Listen To The Way One Long Beach Native Handles The Conflicting Emotions Of Being Black In America Right Now!
Being Black in America has never been easy or straightforward. No matter your ethnicity we’ve all seen the racism at play, systemically, passively, and actively. So in the days of COVID, Black Americans are dying at 3 times the rate of white Americans. In the ongoing aftermath of George Floyd’s murder at the hands of Minneapolis Police, black folks are still crying out for justice. And in the midst of global protests around the fact that Black Lives Matter, many of which are being met with unjust aggression, oppression, and silencing tactics by the police, black people are scared for their freedom and for their lives.
But it’s not just anger. It’s not just fear. It’s not just justice or mercy. It’s all of that and more. It’s fire and it’s ice. Contradiction personified within the hearts and minds of black people all over the nation and, potentially, the world.
It’s out of this that Long Beach Rapper, Poet, and Activist Micah Bournes partners with Vernon Caraway to release two new songs, inextricably linked. The first single is called FIRE and Bournes says, “Fire was inspired by and begins with the earliest known recording of A Negro Spiritual called “If I Had My Way”. Black American Church music has a covert history of resistance. During and after slavery, Black people would slip revolutionary messages and sometimes secret instructions behind metaphors and biblical allusions. On the surface, “If I Had My Way” simply tells the story of Samson from the Bible. The spiritual’s verses contain the narrative of his fascinating and troubled life as a warrior, but the chorus references the way in which Samson died. At the end of his life, Samson was captured by his enemies. He was enslaved, tortured, and had his eyes plucked out. One day, his tormentors were throwing a lavish party and decided to bring him out to mock him. He was placed between two pillars, humiliated, while his enemies celebrated. In that moment, Samson prayed to God for supernatural strength. He pushed the pillars down, collapsing the house, killing his enemies, and dying himself as well. Being raised in Church, I was very familiar with this story, however it was not until recently that I came across this old spiritual, and particularly the chorus, “If I had my way, if I had my way little children, if I had my way, I’D TEAR THE BUILDING DOWN.” As a Black person in America, when I heard those lyrics, I instantly knew my ancestors were not singing about Samson. They were singing about themselves, their rage, their desire to tear down the pillars of racism and greed that enslaved and tortured them. They wanted this so badly, like Samson, they were willing to die for it. Many of them did. Here we are in 2020, and Black Americans are still tormented, still setting things on fire, praying to God that we might push the pillars over, tear the building down, no matter the cost.“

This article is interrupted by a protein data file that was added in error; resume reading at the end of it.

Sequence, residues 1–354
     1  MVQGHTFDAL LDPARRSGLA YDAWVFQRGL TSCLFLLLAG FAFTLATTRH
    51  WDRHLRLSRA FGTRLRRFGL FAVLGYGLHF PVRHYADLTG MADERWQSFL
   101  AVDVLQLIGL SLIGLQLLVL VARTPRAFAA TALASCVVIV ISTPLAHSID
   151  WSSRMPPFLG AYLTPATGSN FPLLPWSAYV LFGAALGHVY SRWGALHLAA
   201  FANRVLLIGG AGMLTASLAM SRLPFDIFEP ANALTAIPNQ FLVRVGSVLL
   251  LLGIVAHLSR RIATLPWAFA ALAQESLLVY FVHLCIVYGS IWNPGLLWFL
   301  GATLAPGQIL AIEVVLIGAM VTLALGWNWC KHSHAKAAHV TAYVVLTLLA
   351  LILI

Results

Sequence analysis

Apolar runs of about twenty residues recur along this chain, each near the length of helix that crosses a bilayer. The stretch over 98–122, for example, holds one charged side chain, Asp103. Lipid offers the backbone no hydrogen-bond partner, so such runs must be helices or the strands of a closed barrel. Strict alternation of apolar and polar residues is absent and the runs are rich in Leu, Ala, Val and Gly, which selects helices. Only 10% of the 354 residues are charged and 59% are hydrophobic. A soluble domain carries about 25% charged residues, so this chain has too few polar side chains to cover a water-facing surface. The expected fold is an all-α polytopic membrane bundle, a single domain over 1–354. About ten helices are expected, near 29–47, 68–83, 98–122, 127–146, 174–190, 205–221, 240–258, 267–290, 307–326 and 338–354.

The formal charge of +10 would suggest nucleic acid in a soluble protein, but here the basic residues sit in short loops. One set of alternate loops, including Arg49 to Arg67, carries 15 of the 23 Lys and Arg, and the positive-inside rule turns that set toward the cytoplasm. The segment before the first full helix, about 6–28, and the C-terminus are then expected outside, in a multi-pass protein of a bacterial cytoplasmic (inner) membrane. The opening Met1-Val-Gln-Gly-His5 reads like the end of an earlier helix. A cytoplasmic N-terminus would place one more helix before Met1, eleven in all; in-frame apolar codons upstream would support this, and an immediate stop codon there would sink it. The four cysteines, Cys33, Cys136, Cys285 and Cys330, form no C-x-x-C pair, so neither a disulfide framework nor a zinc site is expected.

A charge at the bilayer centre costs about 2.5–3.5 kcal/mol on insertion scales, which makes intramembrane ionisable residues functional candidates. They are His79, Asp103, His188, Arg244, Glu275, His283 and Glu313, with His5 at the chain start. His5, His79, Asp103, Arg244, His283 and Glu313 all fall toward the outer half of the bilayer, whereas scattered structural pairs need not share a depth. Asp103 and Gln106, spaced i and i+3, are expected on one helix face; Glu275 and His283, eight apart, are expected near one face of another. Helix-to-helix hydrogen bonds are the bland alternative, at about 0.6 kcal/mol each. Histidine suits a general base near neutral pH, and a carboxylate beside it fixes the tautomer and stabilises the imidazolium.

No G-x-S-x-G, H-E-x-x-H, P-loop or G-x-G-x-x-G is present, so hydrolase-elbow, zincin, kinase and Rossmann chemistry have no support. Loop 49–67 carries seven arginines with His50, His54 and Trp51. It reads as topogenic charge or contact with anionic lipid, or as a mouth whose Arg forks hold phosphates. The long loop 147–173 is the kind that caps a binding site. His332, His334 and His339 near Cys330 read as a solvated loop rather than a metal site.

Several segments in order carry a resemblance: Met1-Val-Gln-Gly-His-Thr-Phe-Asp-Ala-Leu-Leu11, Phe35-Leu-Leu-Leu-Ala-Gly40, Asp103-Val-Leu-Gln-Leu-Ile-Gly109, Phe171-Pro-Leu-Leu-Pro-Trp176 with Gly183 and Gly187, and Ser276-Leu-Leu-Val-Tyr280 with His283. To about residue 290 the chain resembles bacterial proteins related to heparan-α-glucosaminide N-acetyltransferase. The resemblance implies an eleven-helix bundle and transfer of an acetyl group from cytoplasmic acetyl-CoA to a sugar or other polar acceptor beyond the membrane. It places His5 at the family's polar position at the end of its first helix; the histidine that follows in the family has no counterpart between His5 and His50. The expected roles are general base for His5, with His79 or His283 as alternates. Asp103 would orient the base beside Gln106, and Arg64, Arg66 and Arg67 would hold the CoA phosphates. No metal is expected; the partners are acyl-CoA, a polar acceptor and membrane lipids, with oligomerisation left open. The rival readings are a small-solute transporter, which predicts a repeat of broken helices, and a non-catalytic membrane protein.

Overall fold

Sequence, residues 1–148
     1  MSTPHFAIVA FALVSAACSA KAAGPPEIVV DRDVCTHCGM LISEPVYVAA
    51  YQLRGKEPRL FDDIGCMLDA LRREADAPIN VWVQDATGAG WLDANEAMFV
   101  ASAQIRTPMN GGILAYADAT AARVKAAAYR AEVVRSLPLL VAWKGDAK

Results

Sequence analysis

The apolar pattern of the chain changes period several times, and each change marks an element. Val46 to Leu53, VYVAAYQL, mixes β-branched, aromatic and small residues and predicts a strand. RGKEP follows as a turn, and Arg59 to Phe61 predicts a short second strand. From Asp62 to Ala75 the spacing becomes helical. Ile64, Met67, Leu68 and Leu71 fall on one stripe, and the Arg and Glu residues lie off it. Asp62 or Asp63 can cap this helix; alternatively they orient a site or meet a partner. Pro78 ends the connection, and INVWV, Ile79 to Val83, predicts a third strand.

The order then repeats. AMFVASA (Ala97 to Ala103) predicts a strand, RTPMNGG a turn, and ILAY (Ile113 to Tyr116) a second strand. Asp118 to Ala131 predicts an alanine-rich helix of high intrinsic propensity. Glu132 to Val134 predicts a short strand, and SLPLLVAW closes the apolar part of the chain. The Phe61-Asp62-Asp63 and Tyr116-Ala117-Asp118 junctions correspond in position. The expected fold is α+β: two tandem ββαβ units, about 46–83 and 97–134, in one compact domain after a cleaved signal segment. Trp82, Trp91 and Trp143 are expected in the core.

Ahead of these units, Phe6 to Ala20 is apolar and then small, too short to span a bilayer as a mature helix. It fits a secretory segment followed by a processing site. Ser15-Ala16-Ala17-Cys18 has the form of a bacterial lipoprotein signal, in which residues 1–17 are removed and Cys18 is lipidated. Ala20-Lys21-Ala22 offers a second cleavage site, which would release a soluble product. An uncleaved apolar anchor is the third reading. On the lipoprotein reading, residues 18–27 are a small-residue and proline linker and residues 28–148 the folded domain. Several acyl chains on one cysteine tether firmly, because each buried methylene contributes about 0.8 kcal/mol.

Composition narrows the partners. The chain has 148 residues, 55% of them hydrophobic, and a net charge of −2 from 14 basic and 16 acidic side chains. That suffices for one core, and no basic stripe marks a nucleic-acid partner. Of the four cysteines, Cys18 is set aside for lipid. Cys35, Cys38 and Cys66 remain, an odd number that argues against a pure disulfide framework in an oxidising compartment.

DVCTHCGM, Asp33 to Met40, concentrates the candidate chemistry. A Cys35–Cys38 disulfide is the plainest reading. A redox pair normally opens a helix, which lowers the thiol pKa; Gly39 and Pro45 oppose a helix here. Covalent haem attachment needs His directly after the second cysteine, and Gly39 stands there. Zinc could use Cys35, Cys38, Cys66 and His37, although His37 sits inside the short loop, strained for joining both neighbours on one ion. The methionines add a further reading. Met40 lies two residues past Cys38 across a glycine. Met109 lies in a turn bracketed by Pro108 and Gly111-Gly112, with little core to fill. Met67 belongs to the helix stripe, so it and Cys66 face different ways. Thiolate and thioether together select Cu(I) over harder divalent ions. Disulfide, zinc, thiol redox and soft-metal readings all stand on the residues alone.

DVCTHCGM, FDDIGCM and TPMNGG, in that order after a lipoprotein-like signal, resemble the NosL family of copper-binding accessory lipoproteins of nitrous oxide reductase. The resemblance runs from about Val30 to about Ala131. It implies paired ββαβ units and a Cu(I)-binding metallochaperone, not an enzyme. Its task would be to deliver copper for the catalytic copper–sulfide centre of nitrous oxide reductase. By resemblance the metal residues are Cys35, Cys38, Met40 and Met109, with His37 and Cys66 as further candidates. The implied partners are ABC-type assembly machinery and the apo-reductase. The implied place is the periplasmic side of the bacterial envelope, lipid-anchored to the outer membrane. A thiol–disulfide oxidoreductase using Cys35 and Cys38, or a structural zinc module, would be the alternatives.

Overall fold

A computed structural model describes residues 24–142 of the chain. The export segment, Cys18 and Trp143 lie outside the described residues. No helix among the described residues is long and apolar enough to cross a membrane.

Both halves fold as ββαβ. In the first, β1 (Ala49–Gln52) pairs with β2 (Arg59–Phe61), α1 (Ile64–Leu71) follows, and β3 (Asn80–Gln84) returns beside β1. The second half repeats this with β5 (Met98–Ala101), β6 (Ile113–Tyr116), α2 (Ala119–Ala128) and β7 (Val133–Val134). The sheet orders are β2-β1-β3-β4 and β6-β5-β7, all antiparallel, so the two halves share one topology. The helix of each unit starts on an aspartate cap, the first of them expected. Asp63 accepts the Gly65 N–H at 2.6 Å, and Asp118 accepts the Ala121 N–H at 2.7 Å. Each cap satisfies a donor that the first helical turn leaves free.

Following on from FIRE is Bourne’s second single called ICE of which Bournes says, “While Fire is more about expressing anger in its fullness, Ice is about reflecting on it. Although I believe anger and rage are justified in the face of vicious, unrelenting injustice, even righteous anger can evolve into something unhelpful for our heart and our cause. After seeing so many people silent, or worse, defending institutions and laws that allow Black people to be murdered for no reason, it is hard not to question the very humanity of our oppressors, but this is something we must never do. We must never dehumanize those who dehumanize us. No matter how evil people act, we must affirm that they too are human beings. We must keep our hearts hopeful that even the grossest racist can change. If we allow ourselves to believe any person or people are monsters, there is nothing left to appeal to. Our cries for justice become hollow. Asking a beast to stop devouring its prey is useless. Affirming the humanity of the oppressed and appealing to the humanity of the oppressor is our only hope. Fighting for justice is a marathon. It is physically, emotionally and spiritually exhausting. We must take care of ourselves holistically before our fatigue gets the best of us. Instead of collapsing, or lashing out, we should rest regularly, we should revive our spirits before our fire burns out. Ice is a prayer for endurance, a rebellion against hopelessness and cynicism. A plea to the heavens, “I’m losing patience Lord…don’t let my enemies win…don’t let my heart become ice.”
What Bournes and Carraway manage to do with these two singles is deliver 8 minutes and 55 seconds of raw visceral rage, pain, sorrow, and more that springs from a deep well of emotion that’s been building for over 400 years. While George Floyd’s murderers spent 8 minutes and 46 seconds showing the nation just how normal and deeply ingrained the evils of racism are in America, please stick with Bournes for just nine seconds longer than that to hear how it feels and to imagine together what a better world might look like. A world in which we don’t need to keep seemingly endless lists of black people killed by the police but rather can track lists of the endless ways in which we show love to the overlooked and oppressed in society. I firmly believe we can get there but it’s going to take all of us doing more than we think we’re able to for much longer than we dare ever dream to do it. So please, take this first step with me and let’s push through both the fire and the ice together.